The value-for-money debate in Higher Education has put institutions and tuition fees in the spotlight once more, with many students wanting to enter the job market using less of their time and money.
For the UK to sustain, grow and widen access to its world-class Higher Education system, institutions and policymakers need to listen and respond to differing student needs.
The UK Government has announced an expansion of two-year degrees at £11,100-a-year tuition, with the potential to significantly reduce student living costs and tuition fees when compared to the full duration of a traditional three-year degree. These fast-track degree programs are already offered at several UK universities, including Anglia Ruskin University, and have been praised as offering more choice to a student body that has increasingly diverse expectations and demographics.
Rethinking the three-year model
In our recent survey of domestic students (both current and prospective), we asked what they think about accelerated degrees. Our results show that there is an awareness, but the take up of them is still low. 53% of respondents had heard of two-year fast-track degrees while only 1% of respondents were currently studying for one.
With awareness of them still relatively low – 40% never having heard of them – it is not surprising that only 35% think that it is a good idea and 43% don’t know whether it’s a good idea or not.
Our results do suggest however that domestic students are interested in the value-for-money that accelerated degrees offer. The proposed fees of £11,000 per year mean that students potentially save a total of approximately £5,000-£6,000 compared to the full fees of an equivalent three-year degree. Half of respondents say this represented good value for money.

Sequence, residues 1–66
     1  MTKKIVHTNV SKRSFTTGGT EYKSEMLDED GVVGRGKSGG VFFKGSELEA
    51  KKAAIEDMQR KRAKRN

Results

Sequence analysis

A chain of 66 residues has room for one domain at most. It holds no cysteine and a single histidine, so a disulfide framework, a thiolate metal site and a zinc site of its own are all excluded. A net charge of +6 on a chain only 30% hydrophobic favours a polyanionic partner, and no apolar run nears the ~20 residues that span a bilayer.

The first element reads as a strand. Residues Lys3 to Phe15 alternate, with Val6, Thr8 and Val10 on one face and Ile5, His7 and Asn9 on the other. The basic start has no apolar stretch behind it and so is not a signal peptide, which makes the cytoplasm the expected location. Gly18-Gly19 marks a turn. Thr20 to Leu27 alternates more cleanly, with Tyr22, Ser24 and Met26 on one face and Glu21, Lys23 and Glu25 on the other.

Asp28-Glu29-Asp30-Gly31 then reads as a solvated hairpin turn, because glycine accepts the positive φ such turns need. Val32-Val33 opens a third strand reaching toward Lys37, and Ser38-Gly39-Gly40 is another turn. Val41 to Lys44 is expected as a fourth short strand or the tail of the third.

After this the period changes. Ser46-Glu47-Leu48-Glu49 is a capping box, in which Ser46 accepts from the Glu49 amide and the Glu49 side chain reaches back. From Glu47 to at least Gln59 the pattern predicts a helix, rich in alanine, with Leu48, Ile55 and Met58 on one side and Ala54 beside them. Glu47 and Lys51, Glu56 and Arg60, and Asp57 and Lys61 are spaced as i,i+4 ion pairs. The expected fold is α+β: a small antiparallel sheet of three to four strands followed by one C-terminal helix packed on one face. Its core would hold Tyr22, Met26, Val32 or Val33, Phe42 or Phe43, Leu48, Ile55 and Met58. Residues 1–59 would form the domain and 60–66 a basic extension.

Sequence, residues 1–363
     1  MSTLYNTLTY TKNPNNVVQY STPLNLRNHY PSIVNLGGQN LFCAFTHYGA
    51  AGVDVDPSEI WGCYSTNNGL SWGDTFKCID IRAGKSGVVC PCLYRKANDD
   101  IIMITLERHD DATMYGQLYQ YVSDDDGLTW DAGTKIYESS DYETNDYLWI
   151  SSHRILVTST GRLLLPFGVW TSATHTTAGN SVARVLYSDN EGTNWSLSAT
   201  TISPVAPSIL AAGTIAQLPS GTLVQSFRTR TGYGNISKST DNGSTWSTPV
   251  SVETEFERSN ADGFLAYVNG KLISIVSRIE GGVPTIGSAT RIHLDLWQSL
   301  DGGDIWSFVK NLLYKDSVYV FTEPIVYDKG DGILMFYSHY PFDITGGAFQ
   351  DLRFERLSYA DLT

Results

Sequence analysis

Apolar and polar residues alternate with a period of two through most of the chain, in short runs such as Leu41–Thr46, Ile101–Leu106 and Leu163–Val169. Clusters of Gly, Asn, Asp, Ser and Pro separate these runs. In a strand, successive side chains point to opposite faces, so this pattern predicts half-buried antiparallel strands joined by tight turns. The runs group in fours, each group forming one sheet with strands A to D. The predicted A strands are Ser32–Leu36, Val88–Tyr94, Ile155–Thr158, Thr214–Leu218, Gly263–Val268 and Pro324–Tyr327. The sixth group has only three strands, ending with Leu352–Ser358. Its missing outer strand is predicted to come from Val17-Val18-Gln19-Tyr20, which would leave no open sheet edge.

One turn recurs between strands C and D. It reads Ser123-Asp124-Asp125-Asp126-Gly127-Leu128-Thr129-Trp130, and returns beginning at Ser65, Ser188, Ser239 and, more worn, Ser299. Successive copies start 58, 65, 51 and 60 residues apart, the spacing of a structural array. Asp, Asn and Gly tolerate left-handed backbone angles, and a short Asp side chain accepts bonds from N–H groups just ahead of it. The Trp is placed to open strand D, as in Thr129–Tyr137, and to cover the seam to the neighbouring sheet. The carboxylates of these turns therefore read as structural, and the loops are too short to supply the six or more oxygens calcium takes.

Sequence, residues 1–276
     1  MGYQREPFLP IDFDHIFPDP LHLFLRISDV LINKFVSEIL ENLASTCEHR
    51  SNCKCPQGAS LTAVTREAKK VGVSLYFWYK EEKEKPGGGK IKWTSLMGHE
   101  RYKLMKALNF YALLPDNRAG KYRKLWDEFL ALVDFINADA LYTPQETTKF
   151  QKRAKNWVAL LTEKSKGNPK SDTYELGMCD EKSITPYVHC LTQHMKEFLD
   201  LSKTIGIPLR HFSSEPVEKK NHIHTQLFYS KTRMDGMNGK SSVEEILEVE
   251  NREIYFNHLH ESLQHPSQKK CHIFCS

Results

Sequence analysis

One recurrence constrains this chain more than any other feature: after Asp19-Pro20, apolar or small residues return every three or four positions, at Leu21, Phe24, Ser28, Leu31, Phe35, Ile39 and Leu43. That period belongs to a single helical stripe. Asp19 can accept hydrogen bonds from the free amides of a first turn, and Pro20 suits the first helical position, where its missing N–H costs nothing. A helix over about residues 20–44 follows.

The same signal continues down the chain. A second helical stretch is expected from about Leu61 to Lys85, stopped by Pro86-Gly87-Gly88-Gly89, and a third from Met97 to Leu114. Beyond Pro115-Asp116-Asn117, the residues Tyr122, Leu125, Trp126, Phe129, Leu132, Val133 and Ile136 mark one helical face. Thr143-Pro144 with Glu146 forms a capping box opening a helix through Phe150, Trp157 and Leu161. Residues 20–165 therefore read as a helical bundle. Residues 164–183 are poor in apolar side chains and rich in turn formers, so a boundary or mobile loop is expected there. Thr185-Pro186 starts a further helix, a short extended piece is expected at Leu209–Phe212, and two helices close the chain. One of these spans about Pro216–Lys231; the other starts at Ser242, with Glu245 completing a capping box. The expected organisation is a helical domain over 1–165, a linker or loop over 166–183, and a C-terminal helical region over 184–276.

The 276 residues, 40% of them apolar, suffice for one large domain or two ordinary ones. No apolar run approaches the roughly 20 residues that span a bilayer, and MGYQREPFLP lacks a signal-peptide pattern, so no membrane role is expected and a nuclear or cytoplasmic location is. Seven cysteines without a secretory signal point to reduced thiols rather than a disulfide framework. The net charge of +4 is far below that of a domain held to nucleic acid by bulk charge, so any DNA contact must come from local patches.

When it comes to other benefits, 72% of respondents said that the decrease in tuition fees was the biggest advantage of two-year degrees, closely followed by 70% of respondents saying that students studying two-year degrees would accumulate less debt. Half also believed an advantage is two-year degrees offer the opportunity to enter the workforce earlier than they would have done if studying a traditional three-year degree.
On the other hand, some students that answered our survey feel that the shorter amount of time studying means that the student experience would be compromised. Reasons include that there would be less time to develop as an individual living away from home and that opportunities to take part in work experience and volunteering whilst studying would be reduced. Some students said that it could also probably lead to a stress due to rushing the course content.
An expansion of two-year accelerated degrees?
Whilst this was a small piece of research (160 respondents) on domestic students’ opinion of two-year accelerated degrees, it is clear that value-for-money remains an important consideration for students. Now is the time for institutions to take heed of students’ understanding and perception of two-year accelerated degrees and the market potential that they hold.
This should be balanced by an understanding of the importance of international students to the UK HE sector. As our previous research has shown, the awareness, interest and understanding of two-year accelerated degrees are low in this student population.
Two-year accelerated degrees could be one part of sustaining and growing the UK’s world-class higher education system. There is an opportunity to do more work on explaining the benefits of this structure to international students so that it can be marketed as a sustainable alternative to the three-year model.
As ever, QS stands ready to listen to students and help the HE sectors across the world to recognize and respond to their differing needs.
Download the most recent edition of QS’ Domestic Student Survey report, and we’ll email you when the 2019 version is published in January.